Jim Nagengast, CEO of Securities America, has been elected to FINRA’s Board of Governors. Nagengast, who has been CEO since 2010, fills one of the three large-firm seats. There are 10 industry governors on the FINRA Board—three from large firms, one from medium-sized firms, three from small firms, one floor member, one independent dealer/insurance affiliate and one investment company affiliate. FINRA governors are appointed or elected to three-year terms and may not serve more than two consecutive terms. “FINRA will benefit from Jim’s industry knowledge and experience as we work to advance our mission of protecting investors and ensuring the integrity of our markets,” said FINRA Chairman Bill Heyman. “We look forward to working with him.” Nagengast holds an AB in economics from Harvard University, and an MBA in accounting and finance from Columbia University. He originally joined Securities in America in 1994 and previously chaired the Financial Services Institute National Conference in 2012.
State Street Global Advisors released its 2018 Midyear Market Outlook report on Wednesday. For close surveyors of markets, some of the trends might not be a surprise—there have been some shifts. For the first time since the financial crisis, the 2-year Treasury yield is more than 30 percent greater than the S&P 500 Index dividend yield. In other words, “cash is cool again,” the State Street report said. “Given bonds’ performance since the end of 2016 and their current composure based on yield, duration and credit spread, investors may be well served to focus on their short-term positions, focusing on floating rates (investment grade and senior loans) that have the most optimal yield and duration exposure (yield per unit of duration),” according to the report.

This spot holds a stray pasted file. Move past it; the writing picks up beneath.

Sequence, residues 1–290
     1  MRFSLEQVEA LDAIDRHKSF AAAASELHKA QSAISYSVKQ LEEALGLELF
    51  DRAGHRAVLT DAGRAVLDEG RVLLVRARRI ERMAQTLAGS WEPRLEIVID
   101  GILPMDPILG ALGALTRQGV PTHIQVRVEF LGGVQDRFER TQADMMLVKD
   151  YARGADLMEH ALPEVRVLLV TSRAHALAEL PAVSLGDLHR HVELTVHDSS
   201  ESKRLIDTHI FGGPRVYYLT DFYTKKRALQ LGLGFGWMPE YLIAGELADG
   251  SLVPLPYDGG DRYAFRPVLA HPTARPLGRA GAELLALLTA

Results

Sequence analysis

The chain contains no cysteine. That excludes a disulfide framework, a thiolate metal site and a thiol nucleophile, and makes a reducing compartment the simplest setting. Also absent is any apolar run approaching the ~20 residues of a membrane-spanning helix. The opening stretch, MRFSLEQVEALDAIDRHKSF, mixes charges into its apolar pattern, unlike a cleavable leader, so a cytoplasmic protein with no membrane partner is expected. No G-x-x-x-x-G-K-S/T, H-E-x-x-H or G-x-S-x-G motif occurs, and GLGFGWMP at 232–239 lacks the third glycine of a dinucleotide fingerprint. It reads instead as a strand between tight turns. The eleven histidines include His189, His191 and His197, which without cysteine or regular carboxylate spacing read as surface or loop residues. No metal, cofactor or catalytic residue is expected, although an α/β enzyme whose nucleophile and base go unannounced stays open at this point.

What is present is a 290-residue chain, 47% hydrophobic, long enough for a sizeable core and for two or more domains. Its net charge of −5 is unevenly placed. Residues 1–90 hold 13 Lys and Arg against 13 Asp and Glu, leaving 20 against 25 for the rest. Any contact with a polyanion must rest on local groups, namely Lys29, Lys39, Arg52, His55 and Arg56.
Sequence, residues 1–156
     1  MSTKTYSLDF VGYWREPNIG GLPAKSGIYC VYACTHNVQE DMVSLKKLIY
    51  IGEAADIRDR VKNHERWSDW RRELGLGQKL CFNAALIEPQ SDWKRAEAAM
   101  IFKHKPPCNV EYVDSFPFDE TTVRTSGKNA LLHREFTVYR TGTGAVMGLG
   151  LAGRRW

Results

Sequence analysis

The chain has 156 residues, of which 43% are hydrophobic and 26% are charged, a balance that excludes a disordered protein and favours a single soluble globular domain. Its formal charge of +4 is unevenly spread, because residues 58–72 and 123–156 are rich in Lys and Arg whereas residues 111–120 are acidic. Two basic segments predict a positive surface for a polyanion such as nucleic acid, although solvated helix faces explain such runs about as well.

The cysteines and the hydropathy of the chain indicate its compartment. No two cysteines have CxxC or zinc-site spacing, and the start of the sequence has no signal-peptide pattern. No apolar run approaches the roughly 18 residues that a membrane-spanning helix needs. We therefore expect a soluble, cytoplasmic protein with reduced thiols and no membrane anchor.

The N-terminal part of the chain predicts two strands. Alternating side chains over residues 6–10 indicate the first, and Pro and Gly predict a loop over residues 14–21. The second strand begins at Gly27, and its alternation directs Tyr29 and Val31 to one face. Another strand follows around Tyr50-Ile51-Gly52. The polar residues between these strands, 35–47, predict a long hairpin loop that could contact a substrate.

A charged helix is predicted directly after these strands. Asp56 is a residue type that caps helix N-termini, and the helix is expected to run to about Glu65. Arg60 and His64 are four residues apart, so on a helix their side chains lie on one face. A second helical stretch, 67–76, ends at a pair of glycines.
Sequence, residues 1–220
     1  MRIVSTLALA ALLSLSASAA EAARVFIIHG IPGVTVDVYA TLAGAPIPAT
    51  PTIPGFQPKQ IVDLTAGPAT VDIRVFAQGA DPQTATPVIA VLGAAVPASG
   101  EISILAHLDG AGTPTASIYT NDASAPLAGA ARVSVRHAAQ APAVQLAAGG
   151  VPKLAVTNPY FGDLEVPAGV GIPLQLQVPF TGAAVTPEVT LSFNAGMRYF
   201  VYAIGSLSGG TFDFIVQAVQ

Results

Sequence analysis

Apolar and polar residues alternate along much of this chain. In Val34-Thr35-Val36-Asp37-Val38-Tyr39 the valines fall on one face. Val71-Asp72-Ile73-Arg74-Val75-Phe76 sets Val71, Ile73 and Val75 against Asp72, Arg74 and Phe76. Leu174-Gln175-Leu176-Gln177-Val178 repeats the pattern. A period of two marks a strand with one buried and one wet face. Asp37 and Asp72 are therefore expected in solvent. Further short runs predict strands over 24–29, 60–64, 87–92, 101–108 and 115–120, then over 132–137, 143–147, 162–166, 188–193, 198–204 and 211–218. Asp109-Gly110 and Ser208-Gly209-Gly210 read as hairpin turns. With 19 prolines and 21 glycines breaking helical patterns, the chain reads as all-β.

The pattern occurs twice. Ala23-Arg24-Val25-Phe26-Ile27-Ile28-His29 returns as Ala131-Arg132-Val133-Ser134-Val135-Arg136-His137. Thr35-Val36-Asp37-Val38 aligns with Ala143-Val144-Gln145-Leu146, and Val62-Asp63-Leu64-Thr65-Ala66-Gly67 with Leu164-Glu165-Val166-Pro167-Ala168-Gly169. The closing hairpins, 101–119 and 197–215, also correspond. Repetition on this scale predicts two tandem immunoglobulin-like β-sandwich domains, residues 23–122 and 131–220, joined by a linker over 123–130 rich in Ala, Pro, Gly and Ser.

Target date funds are becoming increasingly popular, but one study suggests participants invested in them would be significantly better off if their accounts included not just stocks, bonds and cash but also alternative investments. A more diversified TDF portfolio increases the amount of annual retirement income that can be generated by converting a participant’s balance into a stream of income at retirement by 17 percent or $9,200 for every $100,000 of pre-retirement annual wages in the expected case, or by 11 percent or $2,300 in annual retirement income in a worst-case or downside outcome scenario, according to a study by Willis Towers Watson and the Georgetown University McCourt School of Public Policy’s Center for Retirement Initiatives.